Crosses were often seen, under the dominion of the Romans. A rebellious slave was very frequently condemned to this most shameful and painful of all punishments. But there is something very particular and peculiar about the cross which we see the Holy One of Israel bearing to Calvary. If we refer to the roll of the Divine Law, Deut. 21:22: “If a man have committed a sin worthy of death, and he be to be put to death, and you hang him on a tree, his body shall not remain all night upon the tree, but you shall in any wise bury him that day (for he who is hanged is accursed of God), that your land be not defiled, which the Lord your God gives you for an inheritance.” This remarkable ordinance of God was punctually observed in Israel.

As often as a criminal was nailed to the tree of shame, he was regarded, according to the words of the law, as an object of profound abhorrence to the Almighty, and the people were conscious that God could only look upon the land with anger and disgust, so long as the dead body of the criminal was not removed out of his sight. But such of them as were enlightened, well knew that all this included in it a typical meaning, and had a prophetic reference to one who should hang upon a tree, on whom the vials of heaven’s wrath would be poured out, but in whose atoning sufferings, the curse and condemnation of a sinful world would reach its termination. But who would dare to seek in Christ, the individual thus laden with the divine curse, and assert that the ordinance in the wilderness had found its fulfillment on Golgotha, if the word of God itself had not justified such a conclusion? That such is actually the case, turn to Galatians, 3:13, where the apostle states frankly, and without circumlocution, that “Christ has redeemed us from the curse of the law, being made a curse for us, as it is written, Cursed is every one that hangs on a tree, that the blessing of Abraham might come on the Gentiles through Jesus Christ.”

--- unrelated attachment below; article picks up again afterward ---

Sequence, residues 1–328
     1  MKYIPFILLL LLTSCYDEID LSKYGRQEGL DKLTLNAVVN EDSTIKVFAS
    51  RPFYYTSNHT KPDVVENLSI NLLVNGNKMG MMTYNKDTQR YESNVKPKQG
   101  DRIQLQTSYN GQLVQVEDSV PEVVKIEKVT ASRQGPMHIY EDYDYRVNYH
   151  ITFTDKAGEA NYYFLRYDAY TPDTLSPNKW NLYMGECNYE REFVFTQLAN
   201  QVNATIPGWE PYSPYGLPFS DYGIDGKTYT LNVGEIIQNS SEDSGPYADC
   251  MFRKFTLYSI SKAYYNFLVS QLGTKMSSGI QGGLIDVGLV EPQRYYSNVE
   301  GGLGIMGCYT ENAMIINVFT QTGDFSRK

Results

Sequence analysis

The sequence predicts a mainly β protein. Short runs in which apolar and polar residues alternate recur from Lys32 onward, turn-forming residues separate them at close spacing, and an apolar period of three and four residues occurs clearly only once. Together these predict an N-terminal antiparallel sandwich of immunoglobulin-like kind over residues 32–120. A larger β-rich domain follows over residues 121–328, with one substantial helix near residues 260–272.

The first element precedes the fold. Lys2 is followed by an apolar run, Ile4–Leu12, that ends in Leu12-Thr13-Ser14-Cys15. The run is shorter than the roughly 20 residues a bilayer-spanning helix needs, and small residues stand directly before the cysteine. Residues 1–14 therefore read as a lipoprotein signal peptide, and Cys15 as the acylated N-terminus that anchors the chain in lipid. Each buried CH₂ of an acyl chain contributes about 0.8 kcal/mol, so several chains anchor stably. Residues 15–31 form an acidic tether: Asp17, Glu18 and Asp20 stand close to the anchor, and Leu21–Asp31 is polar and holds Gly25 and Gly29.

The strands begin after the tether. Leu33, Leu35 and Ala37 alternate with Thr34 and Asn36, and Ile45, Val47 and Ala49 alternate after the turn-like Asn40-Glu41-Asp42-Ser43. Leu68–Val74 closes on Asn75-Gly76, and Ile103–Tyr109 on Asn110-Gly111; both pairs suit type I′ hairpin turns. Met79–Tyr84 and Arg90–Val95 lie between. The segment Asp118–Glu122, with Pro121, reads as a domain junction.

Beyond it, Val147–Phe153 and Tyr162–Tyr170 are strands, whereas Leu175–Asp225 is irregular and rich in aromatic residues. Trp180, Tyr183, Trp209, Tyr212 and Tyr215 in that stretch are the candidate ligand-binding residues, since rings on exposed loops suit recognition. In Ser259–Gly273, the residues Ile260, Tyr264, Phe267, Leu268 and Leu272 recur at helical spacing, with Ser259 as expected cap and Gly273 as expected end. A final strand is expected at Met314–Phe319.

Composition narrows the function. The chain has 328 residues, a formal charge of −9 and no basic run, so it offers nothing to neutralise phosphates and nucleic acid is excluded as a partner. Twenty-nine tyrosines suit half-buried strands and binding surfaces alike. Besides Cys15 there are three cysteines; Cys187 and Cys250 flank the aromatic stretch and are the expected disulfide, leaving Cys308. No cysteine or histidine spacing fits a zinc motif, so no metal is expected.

In the type of the brazen serpent, as well as in the divine ordinances respecting one that was hanged on a tree, the clearest light is thrown on the horrible cross which the Son of God is carrying to Calvary. Those beams evidently form the stake upon which, according to the promise, the storm of Divine judgment should be discharged. It is the scaffold where, according to Romans. 3:25, God resolved to declare his righteousness for the remission of sins that are past, through the forbearance of God. The Moriah where, for the benefit of a sinful world, the curse pronounced in paradise is endured in the sacred humanity of the great Surety. The altar of burnt-offering, on which the Lamb of God submitted to the sum total of that punishment which ought in justice to have fallen upon me; and the dying bed, where death, over which Satan has power, and to which I was subject by a sentence of the Supreme tribunal, is permitted to seize upon, and slay another, in order that he might forever lose his claim upon me. Such is the mysterious cross which you see borne toward Calvary. It is the sepulcher of a world; for the innumerable host of those that are saved, died, in the eye of God, with Christ upon it. It is the conductor which carries off the destroying flash from our race, by his attracting it upon himself; the tree of life, “the leaves of which are for the healing of the nations.”

Jesus carries his cross. When did he ever show so plainly in his outward circumstances that he bore the curse, as now? If the voice of God had sounded directly down from heaven, and said, “This Just One is now enduring the sentence pronounced upon you,” it could not have afforded us more certainty than by this living figure of bearing the cross. Its language is powerful, and points out, even to a simple child, wherein we ought to seek the final cause of Christ’s passion. We find the Holy Sufferer, as you know, outside the gates of Jerusalem. The Scriptures attach great importance to the fact that he was led away out of the holy city. Thus we read in Hebrews 13:11, 12, “The bodies of those beasts, whose blood is brought into the sanctuary by the high priest for sin, are burned without the camp. Wherefore, Jesus also, that he might sanctify the people with his own blood, suffered without the gate.” Here Christ is evidently represented as the true antitype of the Old Testament sin-offerings. But since we know the nature of these, and how, by this devotional act, the sins of the transgressors were imputed to the animals to be sacrificed; that thus they became objects of abhorrence, and their bodies were not only removed from the neighborhood of the temple, but even burned with fire, in testimony of what was justly due to the sinner; and that the latter, after such sacrificial act, was absolved and declared blameless; so it almost clearly appears, that in the passage above quoted, the apostle cannot and does not intend to say anything else than that Christ, on his being led out of the gates, was in fact burdened with our sins, and bore our curse.